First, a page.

By Prabasi Nepali
RPP Statute: Anti-Constitutional or Anti-National ?
In an unusual and highly controversial decision, the Election Commission (EC) saw fit to remove the portion that advocates ‘Hindu State’ and ‘Monarchy’ from the RashtriyaPrajatantra Party’s (RPP/National Democratic Party) statute before endorsing it. The EC was of the learned opinion that ‘Hindu state’ and ‘monarchy’ contradicted constitutional provisions of republican order and secularism. In addition, the EC opined that political parties were prohibited by the law from advocating politics that espoused “hatred” or from advocating anything that could adversely impact the country’s security. The EC reasoning was completely spurious, and had no legal or constitutional basis.
From a historical standpoint, the country was based on Hinduism or rather the ‘Sanatan Dharma’ and monarchy from ancient times. These were illegally and unconstitutionally abolished from the strata of society without recourse to the sovereign people. Such important subjects pertaining to the very fabric of society should have been a matter of a referendum. The constitution is not eternal and sacrosanct; it can be amended, as have the American and Indian constitutions many times. Currently, Nepal is a pseudo-secular state; in everything but name, it is in fact a functioning Hindu-majority state with great toleration for all other religions.And the monarchy as such — not connected per se with any individual — lives on in the hearts and minds of the people. If it were not so, why does the president of the so-called republic continue to participate in state functions in a quasi-religious and quasi-monarchical capacity?
Dutch Elections: Defeat of Narrow Nationalism & Populism
European leaders breathed a sigh of relief last week as the pragmatic Dutch settled for the status quo, voting Liberal-Conservative PM Mark Rutte back into power even though the far-right (‘Freedom Party’)shot up into second place. He defied polls that suggested a close race with anti-Islam populist Geert Wilders. The EU Commission chief Jean-Claude Junker tweeted: “A vote for Europe, a vote against extremists.” The negotiations for a coalition government will take weeks, if not months because of a lot of issues, but eventually a centre-right government is expected to emerge, according to an analyst at Leiden University.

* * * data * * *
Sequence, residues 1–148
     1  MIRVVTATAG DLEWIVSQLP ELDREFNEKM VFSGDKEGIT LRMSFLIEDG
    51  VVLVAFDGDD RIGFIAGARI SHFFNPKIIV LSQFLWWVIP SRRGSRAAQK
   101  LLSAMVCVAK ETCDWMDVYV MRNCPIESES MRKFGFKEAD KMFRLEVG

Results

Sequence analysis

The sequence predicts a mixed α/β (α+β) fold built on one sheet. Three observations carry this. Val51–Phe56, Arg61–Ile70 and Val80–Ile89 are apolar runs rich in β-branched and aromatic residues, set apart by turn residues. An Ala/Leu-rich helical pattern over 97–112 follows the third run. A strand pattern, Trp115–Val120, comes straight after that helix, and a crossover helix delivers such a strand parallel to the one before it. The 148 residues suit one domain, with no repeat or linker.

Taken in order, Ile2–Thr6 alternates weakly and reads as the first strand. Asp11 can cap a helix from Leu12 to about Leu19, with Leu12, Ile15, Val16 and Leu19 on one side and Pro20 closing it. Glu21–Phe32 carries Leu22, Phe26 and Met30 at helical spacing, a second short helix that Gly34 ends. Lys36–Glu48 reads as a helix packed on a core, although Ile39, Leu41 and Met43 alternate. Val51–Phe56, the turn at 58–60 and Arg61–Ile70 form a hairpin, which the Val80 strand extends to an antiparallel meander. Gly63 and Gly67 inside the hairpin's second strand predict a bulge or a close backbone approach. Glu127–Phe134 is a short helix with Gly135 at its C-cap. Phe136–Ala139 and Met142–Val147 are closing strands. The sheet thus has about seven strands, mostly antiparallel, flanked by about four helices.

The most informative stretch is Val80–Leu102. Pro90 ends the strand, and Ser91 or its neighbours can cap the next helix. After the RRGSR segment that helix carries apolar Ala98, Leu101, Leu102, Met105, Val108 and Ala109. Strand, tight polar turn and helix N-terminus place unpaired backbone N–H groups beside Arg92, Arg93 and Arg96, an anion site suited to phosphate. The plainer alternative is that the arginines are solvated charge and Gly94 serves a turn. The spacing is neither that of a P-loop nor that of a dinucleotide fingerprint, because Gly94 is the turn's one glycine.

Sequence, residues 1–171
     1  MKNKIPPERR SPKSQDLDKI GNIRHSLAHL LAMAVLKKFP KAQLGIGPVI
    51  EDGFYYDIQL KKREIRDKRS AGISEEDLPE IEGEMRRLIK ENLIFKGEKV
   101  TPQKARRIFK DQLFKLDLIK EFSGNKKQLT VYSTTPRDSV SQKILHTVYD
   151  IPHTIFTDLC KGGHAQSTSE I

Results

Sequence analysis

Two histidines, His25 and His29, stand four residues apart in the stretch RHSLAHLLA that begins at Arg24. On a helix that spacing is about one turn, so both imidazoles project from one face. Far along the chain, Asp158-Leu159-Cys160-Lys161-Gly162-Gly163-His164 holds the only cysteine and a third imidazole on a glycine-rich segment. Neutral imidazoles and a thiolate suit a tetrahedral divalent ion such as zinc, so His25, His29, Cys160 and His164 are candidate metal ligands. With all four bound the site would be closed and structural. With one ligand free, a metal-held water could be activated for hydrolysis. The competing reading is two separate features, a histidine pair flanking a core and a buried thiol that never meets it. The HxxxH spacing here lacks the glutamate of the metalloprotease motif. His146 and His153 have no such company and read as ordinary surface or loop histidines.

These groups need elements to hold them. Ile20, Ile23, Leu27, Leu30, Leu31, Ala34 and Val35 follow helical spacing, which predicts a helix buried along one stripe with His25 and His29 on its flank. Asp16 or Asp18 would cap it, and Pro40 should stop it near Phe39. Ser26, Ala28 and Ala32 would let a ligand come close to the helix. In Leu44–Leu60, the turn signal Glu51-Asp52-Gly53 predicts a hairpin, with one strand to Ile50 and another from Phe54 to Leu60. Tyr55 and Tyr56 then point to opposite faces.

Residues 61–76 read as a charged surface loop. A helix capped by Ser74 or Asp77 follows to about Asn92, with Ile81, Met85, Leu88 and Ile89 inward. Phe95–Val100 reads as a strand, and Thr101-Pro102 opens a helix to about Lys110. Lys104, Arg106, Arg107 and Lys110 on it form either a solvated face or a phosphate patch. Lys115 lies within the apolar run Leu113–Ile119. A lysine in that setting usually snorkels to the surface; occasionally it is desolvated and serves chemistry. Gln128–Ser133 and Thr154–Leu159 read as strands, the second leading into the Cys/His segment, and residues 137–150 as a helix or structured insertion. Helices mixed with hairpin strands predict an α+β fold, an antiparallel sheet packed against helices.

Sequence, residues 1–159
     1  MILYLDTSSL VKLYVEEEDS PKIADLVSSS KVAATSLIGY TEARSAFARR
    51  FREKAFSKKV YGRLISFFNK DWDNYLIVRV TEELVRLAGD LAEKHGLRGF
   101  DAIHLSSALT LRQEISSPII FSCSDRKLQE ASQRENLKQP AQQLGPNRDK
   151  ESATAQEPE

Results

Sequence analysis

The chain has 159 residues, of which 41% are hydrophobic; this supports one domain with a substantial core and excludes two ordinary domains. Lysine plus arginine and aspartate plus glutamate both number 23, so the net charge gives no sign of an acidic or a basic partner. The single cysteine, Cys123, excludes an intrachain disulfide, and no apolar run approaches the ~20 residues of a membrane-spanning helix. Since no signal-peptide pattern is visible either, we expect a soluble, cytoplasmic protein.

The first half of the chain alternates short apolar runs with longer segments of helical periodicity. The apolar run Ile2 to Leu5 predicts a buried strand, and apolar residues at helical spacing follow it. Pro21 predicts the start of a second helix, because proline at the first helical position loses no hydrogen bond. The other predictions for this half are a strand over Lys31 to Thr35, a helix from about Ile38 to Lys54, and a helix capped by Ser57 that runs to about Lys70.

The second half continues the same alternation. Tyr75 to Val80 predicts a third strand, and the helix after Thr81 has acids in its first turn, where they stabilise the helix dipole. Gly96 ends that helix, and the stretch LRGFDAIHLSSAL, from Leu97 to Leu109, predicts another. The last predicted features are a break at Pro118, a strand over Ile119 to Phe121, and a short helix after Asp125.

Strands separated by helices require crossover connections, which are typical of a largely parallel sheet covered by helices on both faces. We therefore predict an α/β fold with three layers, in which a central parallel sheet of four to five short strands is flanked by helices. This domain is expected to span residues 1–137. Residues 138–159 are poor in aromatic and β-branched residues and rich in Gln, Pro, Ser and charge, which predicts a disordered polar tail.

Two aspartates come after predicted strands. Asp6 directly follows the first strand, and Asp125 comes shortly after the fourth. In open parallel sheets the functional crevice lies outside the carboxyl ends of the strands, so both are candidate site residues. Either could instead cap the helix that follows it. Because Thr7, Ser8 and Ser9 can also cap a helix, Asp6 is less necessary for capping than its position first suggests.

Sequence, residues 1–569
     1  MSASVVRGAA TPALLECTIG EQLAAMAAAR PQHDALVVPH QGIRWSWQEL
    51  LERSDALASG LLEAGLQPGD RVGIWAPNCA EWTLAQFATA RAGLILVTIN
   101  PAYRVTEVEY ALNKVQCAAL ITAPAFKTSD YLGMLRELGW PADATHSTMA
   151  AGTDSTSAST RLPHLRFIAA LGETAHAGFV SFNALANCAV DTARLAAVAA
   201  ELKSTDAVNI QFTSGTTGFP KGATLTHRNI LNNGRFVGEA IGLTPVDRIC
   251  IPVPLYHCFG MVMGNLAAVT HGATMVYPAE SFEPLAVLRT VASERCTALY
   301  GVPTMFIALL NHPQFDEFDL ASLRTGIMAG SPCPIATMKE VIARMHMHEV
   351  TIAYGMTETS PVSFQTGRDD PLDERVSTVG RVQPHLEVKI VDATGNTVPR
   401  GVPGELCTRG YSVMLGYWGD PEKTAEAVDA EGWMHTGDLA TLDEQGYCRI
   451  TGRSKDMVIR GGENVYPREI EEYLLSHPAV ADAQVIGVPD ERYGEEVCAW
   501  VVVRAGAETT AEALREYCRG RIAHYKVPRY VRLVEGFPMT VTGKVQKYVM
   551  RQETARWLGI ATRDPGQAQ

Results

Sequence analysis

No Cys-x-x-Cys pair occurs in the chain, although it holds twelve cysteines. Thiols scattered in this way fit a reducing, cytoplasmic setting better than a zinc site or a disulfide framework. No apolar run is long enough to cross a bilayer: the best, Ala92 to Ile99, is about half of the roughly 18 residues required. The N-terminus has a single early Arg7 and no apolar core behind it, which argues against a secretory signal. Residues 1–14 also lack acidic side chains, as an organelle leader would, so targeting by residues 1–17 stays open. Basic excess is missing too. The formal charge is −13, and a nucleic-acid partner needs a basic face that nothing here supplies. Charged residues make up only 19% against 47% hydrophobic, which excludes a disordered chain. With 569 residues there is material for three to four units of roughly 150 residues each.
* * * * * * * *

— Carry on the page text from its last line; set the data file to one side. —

One of the popular images of the Dutch is that of a hardy people who have built sturdy dikes in a low-lying country against the ravages of the seas. In a manner of speaking, Brexit, the UK’s referendum to leave the European Union (EU) and the election of Donald Trump to the presidency of the United States broke the ‘political’ dikes’ in the imagination of the Dutch. They were left very disturbed at the political upsurge of the far right in their own country, as well as in France and Germany. According to analysts, the Dutch ultimately decided last Wednesday not to support the rising far right led by Geert Wilders, also a noted Islamophobe like Trump. According to Professor Janka Stoker at the University of Groningen in the north of the Netherlands: “In Europe we all see the developments in the United Stats, and that’s not where we want to go because we see it as chaos.” Furthermore, she added: “We’re a coalition country; we don’t like coalitions, but we know it gives stability, and people know here that we have to work together.”
However, it is not at all certain that Dutch aspirations will be followed in France and Germany (and possibly Italy). At the same time there are factors peculiar to all these countries that do not allow a common analysis. Wilders himself was all praise for Trump and was, in fact, known as the ‘Dutch Trump’ and one of the few European leaders supporting the Muslim ban. The French populist Ms. Marine Le Pen was much shrewder and knowing the chaotic start of the Trump administration, kept her distance. The ‘Trump effect’ did not take place.
Even the Dutch experience shows that populism and nascent nationalism have not gone away. Although Wilders’ party did not take the pole position, it did ascend from third to second position and improved its standing in parliament from 15 to 20 seats. The Dutch also supported centre-right parties that imitated Wilders’ positions. They gained 7 seats in the Dutch parliament, giving them 57 percent of the seats in the 150-member legislature in this electionin contrast to 52.6 percent in the last election (2012) when they had 79 seats. At the same time, the mainstream center-left Labour Party was nearly wiped out (from 35 reduced to 9 seats).
‘Angie’ visits ‘The Donald’